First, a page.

New York, Thursday, September 25th, 2003
Check against delivery

Mr. President, Mr. Secretary General, Excellencies, Ladies and Gentlemen,

During the past two years the attacks of 9-11 and the wars in Afghanistan and Iraq, as well as in Africa, have brought turmoil to the world.

The United Nations has never been more necessary, yet perhaps never has its efficacy been so questioned nor until the bombings last month in Baghdad, have its people been the object of such massive direct attack.

In the Principality of Andorra, encircled by the high mountains of the Pyrenees, we have lived peaceably and democratically between our neighbors for over seven hundred years. Since 1419, our Parliament has met to debate the problems of our people. It was not only our small size and isolation that kept us apart from the wars that ravaged Europe. Rather, our desire for independence, the unity of our people, and also our ability to get along with our powerful neighbors, has made Andorra one of the oldest democratic states in the world.

In the past half-century, since the founding of the United Nations, the world has changed, and Andorra with it. Less than a century ago it was only possible to arrive in Andorra on a horse. Now the roads bring us 12 million tourists each year. Telephones, computers, satellites, and soon airplanes, bring the world to Andorra. And we in turn have reached out to the world. In my grandparents time, Andorrans never traveled far from their mountains. Now we are world travelers. One of the proud moments in the long history of our country was the day in 1993 -ten years ago- when we became a member state of the United Nations. We joined with great hopes and all these years we have believed in its crucial role, despite the crises that may have cooled that belief.

The attack on the United States of America marks the beginning of a very complex step to relations among nations and of a difficult equilibrium among different areas of our planet. The invasions of Afghanistan and Iraq were both set in motion by this attack. One had the support of the United Nations, the other did not. While there is no point in returning to this debate, two questions must be addressed.

First, can the United Nations effectively respond to threats to world stability?

Second, to what degree will its member states be willing to work within the framework of the United Nations?

Perhaps a cooling of passions will enable us to address these difficult issues clearly.

We are all too aware of the difficulties and dangers that beset both the citizens of these countries and the troops of member states who are working to bring stability to these places. We hope for a rapid solution to the myriad difficulties involved in ending the series of sad and painful events that have taken place within these countries over the past few years. The United Nations has a critical responsibility in fostering a constructive outcome for the Afghan and Iraqi people and resolving tension throughout the Middle East. In this regard, I would like to express our confidence in the United Nations to bring an end to this complex and cruel conflict, crucial step for the stability of the region and important fact for the future of Mankind. The United Nations will know how to find new ways to adequate solutions and will play a leading role in the establishment of new paths.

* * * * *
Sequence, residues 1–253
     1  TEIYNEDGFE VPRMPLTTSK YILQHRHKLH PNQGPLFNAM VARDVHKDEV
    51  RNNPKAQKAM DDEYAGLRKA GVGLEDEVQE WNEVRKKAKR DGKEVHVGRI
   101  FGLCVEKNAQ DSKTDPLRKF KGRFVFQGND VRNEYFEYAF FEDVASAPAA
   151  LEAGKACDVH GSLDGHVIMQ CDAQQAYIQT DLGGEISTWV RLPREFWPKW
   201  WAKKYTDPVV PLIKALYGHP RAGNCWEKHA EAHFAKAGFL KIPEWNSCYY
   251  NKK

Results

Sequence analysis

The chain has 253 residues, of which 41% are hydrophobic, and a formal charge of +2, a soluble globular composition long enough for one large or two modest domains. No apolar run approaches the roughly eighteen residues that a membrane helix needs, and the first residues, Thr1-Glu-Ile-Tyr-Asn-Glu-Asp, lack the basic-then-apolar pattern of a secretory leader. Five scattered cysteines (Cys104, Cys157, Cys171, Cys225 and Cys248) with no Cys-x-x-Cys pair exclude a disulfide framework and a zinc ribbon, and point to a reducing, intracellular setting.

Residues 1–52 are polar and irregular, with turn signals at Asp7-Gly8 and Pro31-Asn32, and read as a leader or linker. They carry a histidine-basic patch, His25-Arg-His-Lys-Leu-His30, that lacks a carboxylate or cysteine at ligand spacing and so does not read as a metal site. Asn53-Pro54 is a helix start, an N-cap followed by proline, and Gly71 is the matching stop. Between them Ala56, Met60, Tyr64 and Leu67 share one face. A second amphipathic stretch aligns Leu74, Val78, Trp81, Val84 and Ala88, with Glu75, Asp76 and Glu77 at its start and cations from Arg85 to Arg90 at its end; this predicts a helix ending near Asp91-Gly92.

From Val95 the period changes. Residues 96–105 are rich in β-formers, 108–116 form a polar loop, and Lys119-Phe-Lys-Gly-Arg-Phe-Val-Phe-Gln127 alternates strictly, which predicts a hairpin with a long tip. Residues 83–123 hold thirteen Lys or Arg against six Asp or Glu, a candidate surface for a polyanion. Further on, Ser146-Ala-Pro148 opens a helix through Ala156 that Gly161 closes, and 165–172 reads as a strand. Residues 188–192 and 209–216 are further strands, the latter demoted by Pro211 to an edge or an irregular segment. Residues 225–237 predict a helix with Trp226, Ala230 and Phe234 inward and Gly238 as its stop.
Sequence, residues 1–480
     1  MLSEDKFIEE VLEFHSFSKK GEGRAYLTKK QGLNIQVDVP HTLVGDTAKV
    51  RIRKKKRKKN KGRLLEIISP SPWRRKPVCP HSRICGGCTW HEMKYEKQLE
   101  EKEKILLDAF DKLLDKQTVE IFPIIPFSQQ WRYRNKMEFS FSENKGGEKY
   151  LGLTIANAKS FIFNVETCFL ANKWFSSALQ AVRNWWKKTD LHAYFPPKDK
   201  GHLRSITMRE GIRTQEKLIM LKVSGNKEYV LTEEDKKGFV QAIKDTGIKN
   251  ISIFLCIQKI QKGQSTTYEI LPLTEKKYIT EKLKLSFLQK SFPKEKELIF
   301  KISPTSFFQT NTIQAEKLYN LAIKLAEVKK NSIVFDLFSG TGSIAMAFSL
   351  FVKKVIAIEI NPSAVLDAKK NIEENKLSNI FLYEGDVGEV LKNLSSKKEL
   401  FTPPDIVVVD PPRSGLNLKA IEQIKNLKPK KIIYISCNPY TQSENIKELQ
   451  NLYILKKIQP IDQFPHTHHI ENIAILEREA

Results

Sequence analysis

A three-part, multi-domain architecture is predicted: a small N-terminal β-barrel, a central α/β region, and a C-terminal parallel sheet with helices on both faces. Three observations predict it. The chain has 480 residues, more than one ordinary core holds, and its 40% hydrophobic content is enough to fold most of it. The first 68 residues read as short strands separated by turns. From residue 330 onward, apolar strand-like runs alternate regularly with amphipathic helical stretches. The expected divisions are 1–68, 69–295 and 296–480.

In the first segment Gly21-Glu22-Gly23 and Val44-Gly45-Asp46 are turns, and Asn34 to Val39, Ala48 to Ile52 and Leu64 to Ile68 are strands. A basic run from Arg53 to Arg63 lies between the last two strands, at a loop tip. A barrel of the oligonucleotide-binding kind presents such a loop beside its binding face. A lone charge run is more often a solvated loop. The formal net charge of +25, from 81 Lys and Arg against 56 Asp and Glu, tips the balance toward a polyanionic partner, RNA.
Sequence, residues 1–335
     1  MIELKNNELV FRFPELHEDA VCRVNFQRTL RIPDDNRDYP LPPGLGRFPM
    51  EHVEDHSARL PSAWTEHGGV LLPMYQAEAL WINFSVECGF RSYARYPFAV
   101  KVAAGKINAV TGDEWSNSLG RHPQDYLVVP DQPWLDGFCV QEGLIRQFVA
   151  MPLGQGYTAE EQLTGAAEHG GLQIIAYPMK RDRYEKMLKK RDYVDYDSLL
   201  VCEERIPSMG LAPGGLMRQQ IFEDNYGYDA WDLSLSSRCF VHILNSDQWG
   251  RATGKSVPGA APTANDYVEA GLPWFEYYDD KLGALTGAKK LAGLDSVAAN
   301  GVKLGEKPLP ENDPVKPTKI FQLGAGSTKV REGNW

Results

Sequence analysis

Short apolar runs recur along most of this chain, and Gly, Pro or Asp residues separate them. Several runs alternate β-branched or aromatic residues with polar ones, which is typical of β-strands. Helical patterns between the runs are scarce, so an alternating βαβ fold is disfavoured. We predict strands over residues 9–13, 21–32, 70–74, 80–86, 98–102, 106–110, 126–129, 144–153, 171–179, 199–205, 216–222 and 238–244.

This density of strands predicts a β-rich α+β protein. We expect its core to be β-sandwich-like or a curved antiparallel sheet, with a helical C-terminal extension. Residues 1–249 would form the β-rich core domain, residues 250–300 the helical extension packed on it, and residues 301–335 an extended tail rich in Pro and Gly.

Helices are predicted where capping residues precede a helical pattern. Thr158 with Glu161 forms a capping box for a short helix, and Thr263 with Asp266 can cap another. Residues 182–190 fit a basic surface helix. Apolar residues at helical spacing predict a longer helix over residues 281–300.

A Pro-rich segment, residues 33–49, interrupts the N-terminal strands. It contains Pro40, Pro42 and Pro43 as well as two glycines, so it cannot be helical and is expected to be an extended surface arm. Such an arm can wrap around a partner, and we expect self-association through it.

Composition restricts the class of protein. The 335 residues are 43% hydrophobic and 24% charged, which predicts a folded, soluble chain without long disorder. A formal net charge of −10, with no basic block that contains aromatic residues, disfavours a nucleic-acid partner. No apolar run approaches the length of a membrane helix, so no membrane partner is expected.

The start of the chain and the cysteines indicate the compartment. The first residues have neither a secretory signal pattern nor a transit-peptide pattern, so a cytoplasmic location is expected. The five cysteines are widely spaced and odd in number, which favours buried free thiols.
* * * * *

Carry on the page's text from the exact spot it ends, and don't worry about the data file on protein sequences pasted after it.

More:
Excellencies, Ladies and Gentlemen,

As politicians, we pride ourselves on our knowledge of the needs of our citizens. We are students at the University of the National Will. The most successful among us have cultivated a second sense of everyday desires, frustrations, and goals that are important to our citizens. If we live in a democratic state, and ignore these needs, the voters will quickly look for others who do not.

The United Nations is a different kind of university. Here the lessons of national self-interest must give way to an international understanding. In this University of the World, our previous studies, by which I mean our own political careers, can only help us in the short term. But what we study together here are long-term lessons that can ensure the long-term survival of the world we share.

Although Andorra is small in scale, like many partners in the UN,, what we smaller nations have to contribute is larger than our proportionate geographic scale or the relative size of our population. Indeed, our small size has made us by necessity careful observers of the needs of others. And our centuries of independence have taught us responsibility to our citizens. and our neighbors. We have never forgotten the bonds that link us to the world. Our history has taught us this.

Legend has it that Andorra was founded by Charlemagne, who was-we must remember-one of the historical key players in those battles between Islam and Christianity. But in the thirteenth century it was the religious tension between the Count of Foix, who was a Cathar sympathizer, and the Catholic bishop of Urgell that led to a balanced agreement that resulted in the independence of Andorra. Andorra came into existence partly as a buffer state between two powerful lords and between two approaches to Christianity: the orthodox one and the Cathar.

The Cathars are only a distant memory now. But I raise this question here because it points to the battleground of belief. Whereas once the Church summoned councils to struggle over the problems of heresy, we now gather at the United Nations not to insist on one form of belief, but to recognize and sustain the common ethical base that unites all beliefs, all ideologies, under the unshakable canopy of the 1948 declaration of Human Rights.